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Rigging a cambered Race Sail

This post is to help people not rigging their high performance race sails in the easiest manner. I met a fellow at OKA who was rigging his 2012 Severne Reflex III in a manner I had never seen and he was convinced he was doing it correctly {not incorrect way , just NOT the recommended fashion as per manufacturer}

This is what he did:

0) Unrolling the sail downwind is presumed/assumed :-)
1) He obviously put the mast in the wide luff - over or on top of the battens.
2) He attached the extension and put zero downhaul - this is where we differ.
3) He attached the boom to this setup - it looked awkward and wrinkled the sail.

In step #2 I put full downhaul. There are two(2) methods I know of rigging race sails and the "other" known method puts downhaul leaving about 10 cm slack.

4) He put full outhaul.
5) He put some cambers on and had to do some adjustments to get them all on.
6) Then full downhaul was applied....

For me:

1) same as above - insert mast.
2) put extension and apply FULL downhaul.
3) same as above - attach the boom
4) same as above - full outhaul.
5) put the cambers, BUTT loosen downhaul about 10 cm first !!!
6) same as above - apply full downhaul
7) check outhaul to see if adjustment is required...

 The other point this fellow made and again surprised me was: he was using a 460 mast with 43 cm extension !! Personally would prefer 490 with almost zero downhaul - especially in a race sail. What i have done instead is gone from 100 % carbon to 75% carbon. It is less expensive and i like it. Peter Volwater and others have done extensive testing on their TR sails and that is what i use as a race sail....

Here are some videos - Severne Relex II rigging and Maui Sails TR-8.

MauiSails TR-6 rigging guide from on Vimeo.

North Sails is very similiar as well ...

Other issues I have had with my MauiSails TR sails are camber rotation, mast head wear out on TR-4 {known problem for that model year} and i have busted a batten. The camber rotation issue was particularly evident when the sails were like new. I loosened the battens around the boom and applied a wet lubricant like McLube. When winds are stronger and sail is "broken in", there is no longer this "issue". It is more of an inconvenience than an issue...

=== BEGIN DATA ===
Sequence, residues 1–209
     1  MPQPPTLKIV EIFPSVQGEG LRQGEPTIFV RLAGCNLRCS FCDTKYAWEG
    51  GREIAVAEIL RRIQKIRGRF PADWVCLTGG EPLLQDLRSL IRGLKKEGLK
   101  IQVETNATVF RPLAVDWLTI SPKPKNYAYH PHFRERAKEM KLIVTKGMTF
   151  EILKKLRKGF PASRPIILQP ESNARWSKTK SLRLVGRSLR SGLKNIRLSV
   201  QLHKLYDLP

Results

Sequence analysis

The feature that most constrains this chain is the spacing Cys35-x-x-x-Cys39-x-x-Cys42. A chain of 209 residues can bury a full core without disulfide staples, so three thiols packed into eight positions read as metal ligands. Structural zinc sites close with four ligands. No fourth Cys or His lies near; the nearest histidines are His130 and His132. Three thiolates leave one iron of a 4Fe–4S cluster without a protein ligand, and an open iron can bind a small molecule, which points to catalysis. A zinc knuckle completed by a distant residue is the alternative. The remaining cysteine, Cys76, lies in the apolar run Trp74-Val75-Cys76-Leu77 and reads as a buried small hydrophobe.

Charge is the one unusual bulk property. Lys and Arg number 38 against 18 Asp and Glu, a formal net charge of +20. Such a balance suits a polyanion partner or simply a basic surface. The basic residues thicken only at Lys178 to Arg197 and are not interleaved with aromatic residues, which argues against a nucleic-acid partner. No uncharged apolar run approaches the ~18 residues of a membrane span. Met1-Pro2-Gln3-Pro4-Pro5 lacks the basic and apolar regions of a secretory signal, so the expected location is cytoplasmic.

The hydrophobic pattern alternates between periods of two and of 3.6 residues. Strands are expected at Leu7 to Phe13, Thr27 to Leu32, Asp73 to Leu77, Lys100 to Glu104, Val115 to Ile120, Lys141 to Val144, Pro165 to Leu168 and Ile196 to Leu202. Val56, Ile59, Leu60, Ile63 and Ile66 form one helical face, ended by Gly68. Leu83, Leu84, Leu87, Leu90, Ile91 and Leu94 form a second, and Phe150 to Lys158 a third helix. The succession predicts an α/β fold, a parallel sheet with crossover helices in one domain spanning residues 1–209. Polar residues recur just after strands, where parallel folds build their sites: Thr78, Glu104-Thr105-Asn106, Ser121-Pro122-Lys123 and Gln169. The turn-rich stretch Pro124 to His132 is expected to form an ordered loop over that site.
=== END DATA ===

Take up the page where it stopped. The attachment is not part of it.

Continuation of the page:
For me sails over 8-oh need to be cambered. This gives me more range - especially with an adjustable outhaul and has the locked in pocket for lulls in the wind ... Larger sails are after all typically used in lighter winds ...


What about un-rigging or derigging ?? {which one is an actual word ?? }

I have had discussions with MauiSails directly to confirm what i do and have added an additional step,,

For me:

1) Loosen and remove boom.
2) Loosen downhaul by about 10 cm and remove bottom camber manually - this is a step i added to save bottom batten
3) Loosen downhaul suddenly and all the other cambers will POP off with a BANG.
4) Remove extension, mast
5) Roll up sail and put everything away ...

What i like about wide luff sails and this methodology is : the sails' monofilm does NOT get wrinkled in setup nor removal.

What i dislike about wide luff is when the luff is full of water, it is almost impossible to uphaul. I try to get back on board quickly and have an EZ uphaul in case required. The original fellow says he NEVER uphauls his race sails = LUCKY FELLOW !!

In 2014 I had an "interesting" discussion with Bruno of 2-rad about rigging race sails AND sails in general. His idea or methodology is to pull some some downhaul, then some outhaul, more downhaul, etc. I think you get the picture. The interesting point of this story is that when this was shown at a Montreal APVM demo day, he asked a slight young lady of about 120 pounds to rig a Sailworks Retro 8.0 in such a manner with NO tools, Let me tell you, if you do straight downhaul and THEN outhaul, the Retro requires some grunt. So, this method is a very good one - that i will DEFINITELY attempt in the 2014 season and perhaps even in the remainder of the ice sailboarding season :-) THANKS BRUNO !!!

and another North Sails rigging video:

how about AA with a NP sail ...

Even the Ezzy Lion with a narrow luff sleeve is rigged in the same manner as the sails with wide luff sleeves:

01-Lion-Quick rig from Ezzy Sails on Vimeo.


  1. in rigging a naish stealth 8.5 - I tried a min downhaul with cams off, followed by outhaul; with intention of then popping the cams on. what I found was - a lot of stress/strain at the stitching where the batten pockets are sewn to the luff sleeve.

    *this is an about 2003 sail with no camber zippers. I've always had the best results by sliding mast thru the cams and incrementally downhauling and pushing on cams to keep them perpendicular to the mast. repeat, repeat until fully downhauled. then attach boom,..

    1. the NEW Naish Stealth seems to have zippers.
      sails with cambers and NO zippers are typically free-race sails and are rigged with the cambers ON.
      as you have discovered...


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